The article by Martin et al.
] uses chloroplast genomics to infer plastid phylogeny, as well as gene loss and gene transfer, for 16 sequenced plastid genomes. An important conclusion from this analysis is that two secondary endosymbiotic events involving a red alga are needed to explain the occurrence of plastids in cryptophytes (algae with phycobilin pigments in the thylakoid lumen rather than in particles on the thylakoid membrane as in cyanobacterial and red algae; an example is Guillardia
) and heterokonts (the diatom Odontella
). This contrasts with the arguments of Cavalier-Smith (recently set out in [12
]) for a single endosymbiotic event, based on evidence such as the replacement of the glyceraldehyde-3-phosphate dehydrogenase gene derived from the red algal plastid with one of host origin in both cases.
Another recent article [13
] deals with genome-based phylogenies of plastids; 19 complete chloroplast genomes are studied using a new computational method, and broadly similar conclusions are reached to those of Martin and co-workers [6
]. This work also allows novel functional assignments to a number of chloroplast open reading frames. The functional implications of chloroplast genomics, with special reference to experimental opportunities and 'directional genetics' in Arabidopsis thaliana
, have recently been reviewed by Leister [14
An important question relating to the evolution of plastid genomes in higher plants is the timing of the changes in the plastid genome in the streptophyte clade (made up of charophytes, a group of green algae or chlorophytes, plus embryophytes, or higher plants), which evolved more than 500 million years ago. From the unicellular flagellate Mesostigma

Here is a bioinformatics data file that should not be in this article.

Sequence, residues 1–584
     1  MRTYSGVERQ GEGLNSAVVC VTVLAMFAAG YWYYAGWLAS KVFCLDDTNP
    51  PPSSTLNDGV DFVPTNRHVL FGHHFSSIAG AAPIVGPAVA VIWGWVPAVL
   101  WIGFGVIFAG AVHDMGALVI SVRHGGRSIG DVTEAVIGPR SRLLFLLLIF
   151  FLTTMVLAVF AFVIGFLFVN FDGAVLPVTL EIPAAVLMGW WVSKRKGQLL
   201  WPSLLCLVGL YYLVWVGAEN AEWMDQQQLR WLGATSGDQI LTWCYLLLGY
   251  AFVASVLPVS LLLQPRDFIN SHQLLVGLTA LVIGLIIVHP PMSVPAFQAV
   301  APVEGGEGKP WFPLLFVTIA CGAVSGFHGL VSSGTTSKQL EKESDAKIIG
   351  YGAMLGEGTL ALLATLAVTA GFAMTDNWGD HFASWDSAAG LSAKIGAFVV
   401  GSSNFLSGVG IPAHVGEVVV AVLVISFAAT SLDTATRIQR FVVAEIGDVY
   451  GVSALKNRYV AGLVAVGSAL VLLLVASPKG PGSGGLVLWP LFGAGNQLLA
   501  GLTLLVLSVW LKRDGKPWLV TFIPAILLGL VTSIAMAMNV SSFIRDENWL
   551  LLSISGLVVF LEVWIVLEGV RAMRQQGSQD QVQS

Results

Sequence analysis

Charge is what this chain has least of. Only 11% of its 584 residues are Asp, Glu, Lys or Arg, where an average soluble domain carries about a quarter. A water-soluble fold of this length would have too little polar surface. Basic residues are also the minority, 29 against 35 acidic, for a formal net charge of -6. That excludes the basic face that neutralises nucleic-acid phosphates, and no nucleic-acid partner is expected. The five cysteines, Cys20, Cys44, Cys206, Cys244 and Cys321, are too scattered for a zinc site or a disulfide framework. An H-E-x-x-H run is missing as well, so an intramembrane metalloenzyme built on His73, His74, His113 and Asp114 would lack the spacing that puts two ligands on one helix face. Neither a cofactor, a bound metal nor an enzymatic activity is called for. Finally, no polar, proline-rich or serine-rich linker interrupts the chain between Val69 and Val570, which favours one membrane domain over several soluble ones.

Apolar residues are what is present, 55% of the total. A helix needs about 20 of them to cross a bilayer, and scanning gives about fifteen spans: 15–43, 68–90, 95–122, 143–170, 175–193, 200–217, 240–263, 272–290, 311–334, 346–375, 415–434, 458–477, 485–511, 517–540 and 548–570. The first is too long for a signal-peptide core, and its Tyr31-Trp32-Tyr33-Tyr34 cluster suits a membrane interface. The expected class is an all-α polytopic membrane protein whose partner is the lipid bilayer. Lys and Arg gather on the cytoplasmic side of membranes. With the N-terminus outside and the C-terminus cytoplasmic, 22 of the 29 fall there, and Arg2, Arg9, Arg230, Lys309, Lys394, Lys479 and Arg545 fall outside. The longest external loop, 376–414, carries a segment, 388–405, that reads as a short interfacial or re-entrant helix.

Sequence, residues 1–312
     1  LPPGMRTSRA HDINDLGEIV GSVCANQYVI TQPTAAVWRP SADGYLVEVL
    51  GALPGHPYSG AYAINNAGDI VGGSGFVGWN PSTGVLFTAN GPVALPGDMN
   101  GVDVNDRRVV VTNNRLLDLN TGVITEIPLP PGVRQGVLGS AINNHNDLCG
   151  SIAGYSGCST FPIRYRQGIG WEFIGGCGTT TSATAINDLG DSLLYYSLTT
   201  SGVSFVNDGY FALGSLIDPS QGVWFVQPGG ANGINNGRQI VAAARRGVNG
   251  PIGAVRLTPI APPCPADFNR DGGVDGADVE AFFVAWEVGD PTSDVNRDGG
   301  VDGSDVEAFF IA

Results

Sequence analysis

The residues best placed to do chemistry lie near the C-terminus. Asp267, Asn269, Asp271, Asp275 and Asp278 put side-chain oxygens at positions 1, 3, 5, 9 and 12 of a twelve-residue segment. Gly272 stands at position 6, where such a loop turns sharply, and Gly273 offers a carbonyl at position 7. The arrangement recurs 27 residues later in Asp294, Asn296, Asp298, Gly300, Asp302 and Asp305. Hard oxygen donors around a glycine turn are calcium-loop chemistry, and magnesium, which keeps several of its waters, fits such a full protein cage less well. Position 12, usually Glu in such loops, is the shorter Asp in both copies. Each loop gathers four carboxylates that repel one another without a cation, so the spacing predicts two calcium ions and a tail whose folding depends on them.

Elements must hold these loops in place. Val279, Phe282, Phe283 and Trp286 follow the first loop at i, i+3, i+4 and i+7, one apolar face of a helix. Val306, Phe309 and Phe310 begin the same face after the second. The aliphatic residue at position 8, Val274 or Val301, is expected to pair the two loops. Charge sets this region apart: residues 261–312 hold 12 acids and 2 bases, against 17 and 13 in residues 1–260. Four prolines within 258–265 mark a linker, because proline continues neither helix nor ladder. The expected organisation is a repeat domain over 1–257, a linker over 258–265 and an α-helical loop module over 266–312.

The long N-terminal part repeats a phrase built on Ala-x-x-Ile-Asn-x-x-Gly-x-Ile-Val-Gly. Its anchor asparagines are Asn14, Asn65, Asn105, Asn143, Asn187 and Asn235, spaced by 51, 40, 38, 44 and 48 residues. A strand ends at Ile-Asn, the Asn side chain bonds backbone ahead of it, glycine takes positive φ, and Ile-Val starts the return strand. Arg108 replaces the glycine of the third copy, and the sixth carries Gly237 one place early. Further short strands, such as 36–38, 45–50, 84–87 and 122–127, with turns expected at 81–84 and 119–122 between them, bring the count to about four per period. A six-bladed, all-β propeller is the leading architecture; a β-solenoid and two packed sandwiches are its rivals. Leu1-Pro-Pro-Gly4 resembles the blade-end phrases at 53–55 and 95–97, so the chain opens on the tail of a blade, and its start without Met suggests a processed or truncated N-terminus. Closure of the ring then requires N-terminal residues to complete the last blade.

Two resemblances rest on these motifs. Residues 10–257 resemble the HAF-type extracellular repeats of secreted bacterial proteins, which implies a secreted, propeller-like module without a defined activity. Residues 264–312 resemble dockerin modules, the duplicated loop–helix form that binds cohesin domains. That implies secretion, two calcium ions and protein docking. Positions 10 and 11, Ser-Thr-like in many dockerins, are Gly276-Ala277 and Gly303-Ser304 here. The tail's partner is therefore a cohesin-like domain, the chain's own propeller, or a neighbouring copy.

, which is either a basal chlorophyte or lies at the split between Chlorophyta and Streptophyta, to the embryophytes, of which the liverwort Marchantia
is the most basal to have been sequenced, the changes are gene losses, including transfer to the nucleus, scrambling of gene order, and intron insertion [15
An important contribution to bridging the evolutionary gap between Mesostigma
is the work of Turmel et al.
] on a member of the charophytes sensu stricto
(that is, excluding Mesostigma
) Chaetosphaeridium globosum
. Before the work of Turmel et al.
] only fragmentary data addressed the issue of gene content and organization of the eight charophytes sensu stricto
. The complete plastid genome sequence of Chaetosphaeridium globosum
] shows that most of the embryophyte characteristics were present in the charophyte alga, so that the major changes had occurred between the branch to Mesostigma
and that to Chaetosphaeridium.
The common features shared by the plastid DNA of Chaetosphaeridium
and of embryophytes include the gene content, the intron composition, and the gene order. Thus, the Chaetosphaeridium
chloroplast genome has 124 genes (compared to 136 in Mesostigma
and 110-120 in embryophytes), one Group I intron (there are none in Mesostigma
and one in embryophytes), 16 cis
-spliced Group II introns (none in Mesostigma
and 18-19 in embryophytes) and one trans
-spliced Group II intron (none in Mesostigma
, one in embryophytes). Genome size (118-155 kilobases) is relatively constant among Mesostigma, Chaetosphaeridium
and higher plant plastids. By contrast, the mitochondrial genome of Chaetosphaeridium
is closely similar to that of Mesostigma
in terms of size (57 kb and 42 kb, respectively), gene content and, perhaps, intron content. Chaetosphaeridium
has a much smaller genome size than the obese mitochondrial genomes of Marchantia
(187 kb) or Arabidopsis
(367 kb), and many more cis
-spliced Group II introns (18-25 rather than two). The apparently different tempo of evolution in mitochondria and plastids of the charophytes deserves further investigation. An important point about the functional genomics of the plastid is the determinant of which genes essential for plastid function are retained in the plastid genome. Higher plant plastid genomes have slightly fewer genes than in the plastids of the charophytes sensu lato
(that is, the charophytes sensu stricto